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Public Transportation Strategy Report

Photo by Zachary Henry The Chicago metropolitan region has one of the nation's oldest and most extensive public transportation systems, providing over two million rides per weekday in a region of approximately eight million people. After declines in ridership through the 1980s and 1990s, system wide ridership has been steadily increasing for the past five years (RTAMS 2008). At the same time, much of the system is in need of infrastructure upgrades and improvements.

Table of Contents

  • Introduction 
  • Existing Conditions
    • Structure
    • Increasing Demand & Rising Costs
    • State of Repair
  • Systematic Public Transit Improvements
  • Impacts of Public Transportation
    • VMT, Bikeability, Walkability
    • Environment & Health
    • Land Use and Housing
    • Economy
  • Conclusion
  • References

Basic repair and maintenance costs for the current system are estimated in the billions of dollars, while system expansions and enhancements would add even more expense. With 2.8 million new residents and 1.8 million new jobs projected to be added to the region by 2040, changing growth and development patterns will require new transit services to provide adequate access for the region's residents.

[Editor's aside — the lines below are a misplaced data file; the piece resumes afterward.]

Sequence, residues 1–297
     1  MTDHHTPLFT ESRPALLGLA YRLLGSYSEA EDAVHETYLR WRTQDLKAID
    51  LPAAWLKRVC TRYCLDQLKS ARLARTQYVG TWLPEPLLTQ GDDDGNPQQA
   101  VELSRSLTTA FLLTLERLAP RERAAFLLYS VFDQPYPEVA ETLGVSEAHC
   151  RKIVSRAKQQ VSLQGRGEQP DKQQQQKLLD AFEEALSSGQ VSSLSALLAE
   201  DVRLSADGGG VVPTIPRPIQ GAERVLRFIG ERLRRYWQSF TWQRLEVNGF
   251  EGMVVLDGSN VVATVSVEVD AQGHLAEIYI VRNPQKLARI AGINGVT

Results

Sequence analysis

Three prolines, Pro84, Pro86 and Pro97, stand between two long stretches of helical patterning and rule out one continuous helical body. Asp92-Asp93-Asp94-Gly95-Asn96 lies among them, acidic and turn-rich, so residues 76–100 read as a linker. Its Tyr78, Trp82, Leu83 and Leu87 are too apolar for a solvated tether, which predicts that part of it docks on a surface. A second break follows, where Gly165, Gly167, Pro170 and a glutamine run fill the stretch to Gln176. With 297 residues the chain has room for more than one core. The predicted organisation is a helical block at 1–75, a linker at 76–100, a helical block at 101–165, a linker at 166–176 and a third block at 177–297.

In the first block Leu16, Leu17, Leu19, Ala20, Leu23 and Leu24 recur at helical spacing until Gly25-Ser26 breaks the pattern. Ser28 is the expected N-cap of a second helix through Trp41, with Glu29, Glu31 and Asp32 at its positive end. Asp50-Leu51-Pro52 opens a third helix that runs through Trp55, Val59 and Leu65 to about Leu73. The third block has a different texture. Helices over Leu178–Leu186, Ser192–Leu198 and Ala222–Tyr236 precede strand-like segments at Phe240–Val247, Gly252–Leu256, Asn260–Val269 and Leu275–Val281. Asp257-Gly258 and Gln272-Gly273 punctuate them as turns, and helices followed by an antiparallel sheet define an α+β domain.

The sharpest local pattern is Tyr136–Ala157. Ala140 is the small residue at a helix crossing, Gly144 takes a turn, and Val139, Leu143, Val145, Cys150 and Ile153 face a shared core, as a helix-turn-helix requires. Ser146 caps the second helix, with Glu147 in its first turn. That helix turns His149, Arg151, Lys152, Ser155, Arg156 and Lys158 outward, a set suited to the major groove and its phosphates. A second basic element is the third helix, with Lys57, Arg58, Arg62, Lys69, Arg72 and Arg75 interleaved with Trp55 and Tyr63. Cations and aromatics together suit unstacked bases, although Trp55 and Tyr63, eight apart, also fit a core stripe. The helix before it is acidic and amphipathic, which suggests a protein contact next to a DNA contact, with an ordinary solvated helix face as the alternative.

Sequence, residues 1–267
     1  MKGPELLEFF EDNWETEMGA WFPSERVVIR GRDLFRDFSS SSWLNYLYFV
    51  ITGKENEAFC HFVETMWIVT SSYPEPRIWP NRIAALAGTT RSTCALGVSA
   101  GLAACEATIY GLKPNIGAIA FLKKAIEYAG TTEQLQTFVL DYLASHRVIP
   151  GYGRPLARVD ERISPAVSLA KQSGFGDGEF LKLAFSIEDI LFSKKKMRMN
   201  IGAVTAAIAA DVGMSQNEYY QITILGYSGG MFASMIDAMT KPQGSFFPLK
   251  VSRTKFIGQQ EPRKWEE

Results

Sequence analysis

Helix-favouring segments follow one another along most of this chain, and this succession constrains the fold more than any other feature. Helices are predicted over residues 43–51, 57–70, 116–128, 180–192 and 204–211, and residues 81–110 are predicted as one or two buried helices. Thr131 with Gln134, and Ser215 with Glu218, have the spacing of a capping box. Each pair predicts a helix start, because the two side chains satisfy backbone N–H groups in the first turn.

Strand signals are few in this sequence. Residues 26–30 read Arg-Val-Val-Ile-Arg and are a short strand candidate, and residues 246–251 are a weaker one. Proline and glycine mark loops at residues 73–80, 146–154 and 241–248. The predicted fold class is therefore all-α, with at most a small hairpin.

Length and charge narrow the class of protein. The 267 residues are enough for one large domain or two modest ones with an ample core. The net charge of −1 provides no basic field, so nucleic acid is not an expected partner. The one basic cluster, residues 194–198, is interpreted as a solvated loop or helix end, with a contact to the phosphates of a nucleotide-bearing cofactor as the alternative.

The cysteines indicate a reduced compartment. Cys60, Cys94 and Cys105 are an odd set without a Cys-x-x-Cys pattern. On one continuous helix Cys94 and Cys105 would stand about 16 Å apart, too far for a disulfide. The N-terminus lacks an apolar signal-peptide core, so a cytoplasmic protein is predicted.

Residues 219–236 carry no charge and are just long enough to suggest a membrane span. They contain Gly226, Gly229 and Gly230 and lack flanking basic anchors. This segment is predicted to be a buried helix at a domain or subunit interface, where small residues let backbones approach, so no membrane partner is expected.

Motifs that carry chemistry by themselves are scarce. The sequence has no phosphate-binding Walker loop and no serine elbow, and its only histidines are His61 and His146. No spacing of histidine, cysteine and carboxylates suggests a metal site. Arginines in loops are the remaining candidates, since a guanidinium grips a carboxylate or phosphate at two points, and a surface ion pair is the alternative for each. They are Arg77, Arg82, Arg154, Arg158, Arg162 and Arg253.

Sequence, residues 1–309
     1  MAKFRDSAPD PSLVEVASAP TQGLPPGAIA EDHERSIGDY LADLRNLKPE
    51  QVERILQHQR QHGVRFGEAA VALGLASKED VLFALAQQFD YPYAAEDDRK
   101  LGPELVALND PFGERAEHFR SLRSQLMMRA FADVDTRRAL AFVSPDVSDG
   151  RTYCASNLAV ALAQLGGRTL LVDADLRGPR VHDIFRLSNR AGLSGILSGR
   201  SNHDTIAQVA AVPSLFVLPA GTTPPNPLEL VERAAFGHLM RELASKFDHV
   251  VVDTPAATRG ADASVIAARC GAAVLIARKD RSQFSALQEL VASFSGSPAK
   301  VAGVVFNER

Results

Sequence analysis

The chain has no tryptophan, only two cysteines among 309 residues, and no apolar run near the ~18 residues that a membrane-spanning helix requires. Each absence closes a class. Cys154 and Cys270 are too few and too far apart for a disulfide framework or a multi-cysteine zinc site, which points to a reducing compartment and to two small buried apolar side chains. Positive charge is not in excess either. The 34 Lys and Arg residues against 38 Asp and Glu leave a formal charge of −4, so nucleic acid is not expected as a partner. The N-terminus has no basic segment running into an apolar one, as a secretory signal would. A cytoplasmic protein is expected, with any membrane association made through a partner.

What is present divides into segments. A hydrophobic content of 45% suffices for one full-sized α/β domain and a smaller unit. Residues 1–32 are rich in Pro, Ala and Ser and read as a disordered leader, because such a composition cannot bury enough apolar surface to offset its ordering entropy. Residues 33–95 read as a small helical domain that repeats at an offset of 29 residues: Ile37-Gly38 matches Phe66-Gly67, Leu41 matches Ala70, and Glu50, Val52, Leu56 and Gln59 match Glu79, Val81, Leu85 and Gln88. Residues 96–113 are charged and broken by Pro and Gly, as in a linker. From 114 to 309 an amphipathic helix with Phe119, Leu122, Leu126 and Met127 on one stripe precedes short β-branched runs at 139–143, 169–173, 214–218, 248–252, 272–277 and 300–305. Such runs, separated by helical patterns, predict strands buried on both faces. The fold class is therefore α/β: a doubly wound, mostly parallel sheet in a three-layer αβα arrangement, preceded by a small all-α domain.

As the region moves forward with development of the GO TO 2040 comprehensive plan, it is important to understand the challenges facing our transit system and potential strategies to improve transit. This paper will identify and discuss broad systematic improvements such as increasing the frequency of service or expanding services into underserved areas and the impacts that these changes may have on the region.

A sample of findings:

  • Public transportation reduces energy consumption and increases sustainability; reducing the daily use of one low occupancy vehicle and using public transit can reduce a household's carbon footprint by between 25 and 30 % (David and Hale, 2007)
     
  • A 10% increase in rail supply reduces the probability of driving by 4.2% (Bento, et al. 2003)
     
  • If the region's public transportation service were discontinued, the annual hours of congested delay would increase by 40 million hours, up from 202 million hours in 2005 (TTI, 2007)

If you're interested in learning more about public transportation, please download the following CMAP strategy report.

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